Ancient city wall found, to be restored in Seoul
January 6, 2009
SEOUL — In 1925 the Japanese occupying Korea demolished one of the country’s cultural treasures to make way for a baseball field — something Seoul city officials hope to reverse by 2011.
Late last year, construction crews tearing down Dongdaemun baseball stadium to make way for Dongdaemun Design Plaza and Park discovered partial remains of a wall constructed in 1396 that the Japanese had razed. The site is a five-minute walk from the U.S. Army Corps of Engineers Far East District compound.
Project director Lee Gwang-seok said his team will restore the roughly 400-foot section of what was once an 11-mile wall surrounding downtown Seoul.
Lee said the wall will be added to the list of attractions at the park, which crews are slated to break ground on in April.
"It is the greatest historical event to find this ruins of the wall believed to have been demolished during aggression of Japanese rule," Lee said.
Lee said the wall is one of the oldest surviving examples of architecture from the 1392 to 1910 Chosun dynasty, and crews should have it excavated and restored by the time the park opens in 2011.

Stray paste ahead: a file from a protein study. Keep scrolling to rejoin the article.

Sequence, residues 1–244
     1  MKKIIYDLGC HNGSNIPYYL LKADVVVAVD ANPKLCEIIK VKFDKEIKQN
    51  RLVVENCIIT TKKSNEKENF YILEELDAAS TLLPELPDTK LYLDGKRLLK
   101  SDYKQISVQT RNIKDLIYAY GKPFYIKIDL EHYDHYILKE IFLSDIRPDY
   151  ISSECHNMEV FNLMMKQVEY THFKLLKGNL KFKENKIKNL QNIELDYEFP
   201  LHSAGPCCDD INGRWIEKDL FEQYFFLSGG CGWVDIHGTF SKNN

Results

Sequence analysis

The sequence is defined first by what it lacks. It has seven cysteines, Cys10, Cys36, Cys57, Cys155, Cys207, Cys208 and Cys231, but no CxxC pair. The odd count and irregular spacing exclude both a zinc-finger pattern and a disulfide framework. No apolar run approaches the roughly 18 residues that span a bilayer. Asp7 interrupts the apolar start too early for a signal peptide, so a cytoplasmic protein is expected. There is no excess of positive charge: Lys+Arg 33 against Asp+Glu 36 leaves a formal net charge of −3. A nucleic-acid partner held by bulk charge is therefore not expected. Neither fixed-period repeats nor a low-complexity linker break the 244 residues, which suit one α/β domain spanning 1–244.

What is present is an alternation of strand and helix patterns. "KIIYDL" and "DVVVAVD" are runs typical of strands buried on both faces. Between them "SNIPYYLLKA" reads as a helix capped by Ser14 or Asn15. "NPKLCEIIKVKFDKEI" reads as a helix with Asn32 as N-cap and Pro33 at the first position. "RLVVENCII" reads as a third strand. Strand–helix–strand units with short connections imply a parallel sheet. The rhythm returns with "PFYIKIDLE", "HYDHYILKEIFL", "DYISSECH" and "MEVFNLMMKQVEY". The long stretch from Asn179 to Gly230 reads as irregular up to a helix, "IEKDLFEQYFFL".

Also included in the park, Lee said, will be a convention hall, an exhibition hall, education and information centers and a museum dedicated to the fashion industry.
"Seoul city is very ambitious about making the … site into a landmark of architecture that represents Seoul city," Lee said.
By Jimmy Norris/Stars and Stripes
The remains of a wall that surrounded downtown Seoul are currently being excavated near Dongdaemun Stadium. City officials said excavation and restoration of the wall should be complete by late 2011 when Dongdaemun Design Plaza and Park opens.